Collars are for dogs. Right? For a long time, the Rijksmuseum in Amsterdam thought that the collars in their collection were dog collars. However, when curators started making the Slavery exhibition, they realized that such a detailed, fragile collar was not a dog collar, but was used on enslaved human beings.
The brass collar consists of a plate with an eye on one end and three openings on the other, so that it fits together. The edge has round holes. According to the curators this indicates that originally leather or other material was sewn into it. The collar is engraved with decorations consisting of a coat of arms and symmetrical acanthus leaves and was made in 1689. The coat of arms was attributed to Anna Isabella van Beijeren van Schagen. She died in 1716.
In 1881 the collar was gifted to the Rijksmuseum by Prueyt, Terheyden. When the collar was donated it was labeled as a dog collar. During the re-examination of objects for the Slavery exhibition, the Rijksmuseum discovered the actual use of the collar. If you think twice, you know that the collar is too fragile and decorative to be for a dog. It is the exact size for a human being. For a lot of people, it was too painful to think about the actual use, that is why it is propably pushed away for a long time, explains Valika Smeulders, head of the Rijksmuseum’s history department and curator, in the documentary Nieuw Licht (New Light) on the Slavery exhibition.
The collar was used on a black servant in the Netherlands. He or she was an enslaved person, owned by family Van Beijeren van Schagen. The collar does not have an eye to attach a chain. In a lot of paintings enslaved people wear brass collars without chains. It is therefore likely that the collar was purely intended to show the enslaved person as a possession: as an exotic trophy or pet. Enslaved persons were deprived of any human rights and the collar was a symbol of this dehumanization. Many white people believed or argued that black people were inferior human beings, in order to justify enslaving them.
Right now, the collar is on display in the Slavery exhibition at the Rijksmuseum. The exhibition tells the story of Dutch slave trade. A very controversial subject in Dutch society. For a long time, we only looked at the wealth of the 17th century (formerly known as ‘The Golden Age’). Slavery was not talked about, ‘because it happened a long time ago and it was not our fault, right’? But slavery is a very big part of the Dutch history, we must acknowledge that. It shaped the current Dutch society. The racism that black people experience has its roots from back then. Museums have to make the public think about history and have to put history in a different perspective. They also have an institutional commitment to address and express values and principles that are necessary to advance human rights, states Richard Sandell in his book Museums, Moralities and Human Rights (2017). Neutrality and objectivity do not exist, so if a museum does not take a standpoint in certain situations, it still takes a standpoint. The Rijksmuseum expresses those values and principles with the Slavery exhibition. It shows the racism and dehumanization of black people for centuries, and how its influences our current society. The exhibition shows that we should all deal with the subject. Instead of laying the collar down, it is displayed at neck height. The exhibition literally holds a mirror up to Dutch society because the walls are largely made of mirrors: the public cannot look away any longer.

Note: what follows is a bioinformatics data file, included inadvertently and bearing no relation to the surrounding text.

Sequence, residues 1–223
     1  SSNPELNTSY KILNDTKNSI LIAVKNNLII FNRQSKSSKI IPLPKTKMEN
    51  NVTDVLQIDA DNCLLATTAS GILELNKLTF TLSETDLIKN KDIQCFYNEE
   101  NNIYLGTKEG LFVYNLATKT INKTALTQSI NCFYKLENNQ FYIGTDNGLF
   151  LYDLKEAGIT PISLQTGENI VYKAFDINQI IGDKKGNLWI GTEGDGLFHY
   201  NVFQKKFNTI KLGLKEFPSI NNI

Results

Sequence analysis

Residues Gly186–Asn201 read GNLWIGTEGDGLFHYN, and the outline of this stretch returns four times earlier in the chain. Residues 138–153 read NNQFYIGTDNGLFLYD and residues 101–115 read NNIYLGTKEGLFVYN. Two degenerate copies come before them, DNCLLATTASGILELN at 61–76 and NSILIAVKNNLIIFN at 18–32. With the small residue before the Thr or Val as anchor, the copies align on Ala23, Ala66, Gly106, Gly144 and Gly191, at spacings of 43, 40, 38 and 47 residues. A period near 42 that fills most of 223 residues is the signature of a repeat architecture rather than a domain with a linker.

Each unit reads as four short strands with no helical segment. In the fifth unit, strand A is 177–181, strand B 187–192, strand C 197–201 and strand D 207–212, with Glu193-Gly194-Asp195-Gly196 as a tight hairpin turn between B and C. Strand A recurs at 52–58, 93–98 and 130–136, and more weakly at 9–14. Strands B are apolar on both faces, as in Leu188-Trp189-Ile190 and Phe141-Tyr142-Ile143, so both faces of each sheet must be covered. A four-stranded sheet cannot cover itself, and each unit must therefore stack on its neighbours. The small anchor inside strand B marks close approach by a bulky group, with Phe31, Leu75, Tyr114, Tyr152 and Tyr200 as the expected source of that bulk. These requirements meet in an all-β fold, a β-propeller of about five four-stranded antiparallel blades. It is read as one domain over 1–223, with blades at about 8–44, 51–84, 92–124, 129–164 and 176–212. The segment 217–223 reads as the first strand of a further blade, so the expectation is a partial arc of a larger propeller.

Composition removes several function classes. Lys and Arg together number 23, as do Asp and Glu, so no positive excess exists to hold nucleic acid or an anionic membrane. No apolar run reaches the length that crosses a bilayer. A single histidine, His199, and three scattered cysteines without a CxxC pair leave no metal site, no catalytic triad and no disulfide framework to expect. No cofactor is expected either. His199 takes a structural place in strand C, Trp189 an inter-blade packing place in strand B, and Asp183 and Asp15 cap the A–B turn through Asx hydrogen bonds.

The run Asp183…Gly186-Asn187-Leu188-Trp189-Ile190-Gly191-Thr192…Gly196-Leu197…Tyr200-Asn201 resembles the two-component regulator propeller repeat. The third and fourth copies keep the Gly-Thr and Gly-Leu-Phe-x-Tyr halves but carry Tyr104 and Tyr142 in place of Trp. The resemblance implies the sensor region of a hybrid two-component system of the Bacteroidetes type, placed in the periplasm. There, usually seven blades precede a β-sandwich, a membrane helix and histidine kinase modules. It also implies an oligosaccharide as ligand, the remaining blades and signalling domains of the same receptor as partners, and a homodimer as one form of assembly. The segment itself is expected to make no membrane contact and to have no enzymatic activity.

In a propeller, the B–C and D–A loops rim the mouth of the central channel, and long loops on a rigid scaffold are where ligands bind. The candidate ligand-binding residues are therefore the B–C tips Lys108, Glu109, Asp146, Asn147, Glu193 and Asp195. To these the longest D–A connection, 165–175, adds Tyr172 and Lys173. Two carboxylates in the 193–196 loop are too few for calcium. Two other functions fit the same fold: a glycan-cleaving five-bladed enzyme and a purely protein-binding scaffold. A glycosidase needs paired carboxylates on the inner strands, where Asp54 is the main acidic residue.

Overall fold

The meaning of an object
The collar tells us a story about slavery, dehumanization, and racism. Over time the collar went from a utensil to show that white people owned an enslaved person, to an object in a museum. Dutch society wanted to close their eyes for Dutch slave trade. The Rijksmuseum took part in this by mis archiving the object as a dog collar and by not displaying it at all. Meanings and values of objects change over time. By displaying the collar and making the Slavery exhibition the Rijksmuseum showed a more inclusive and complete image of Dutch history. However, we have a long way to go before the Dutch role in slavery is widely accepted as part of our history and contemporary racism. Institutions, such as the Rijksmuseum must be and stay prepared to speak out against attempts to justify unequal treatment of people, in this case black people.
NPO, Nieuw Licht – Het Rijksmuseum en de slavernij (15-02-2021) https://www.npostart.nl/2doc/15-02-2021/VPWON_1307640
Richard Sandell, ch. 6, ‘Museum Work as Human Rights Work’, in Museums, Moralities and Human Rights (New York and London, Routledge: 2017).
David Livingstone Smith, ‘Paradoxes of Dehumanization’, Social Theory and Practice, Vol.42, No.2, Special Issue: Dominating Speech (April 2016), pp. 416-443.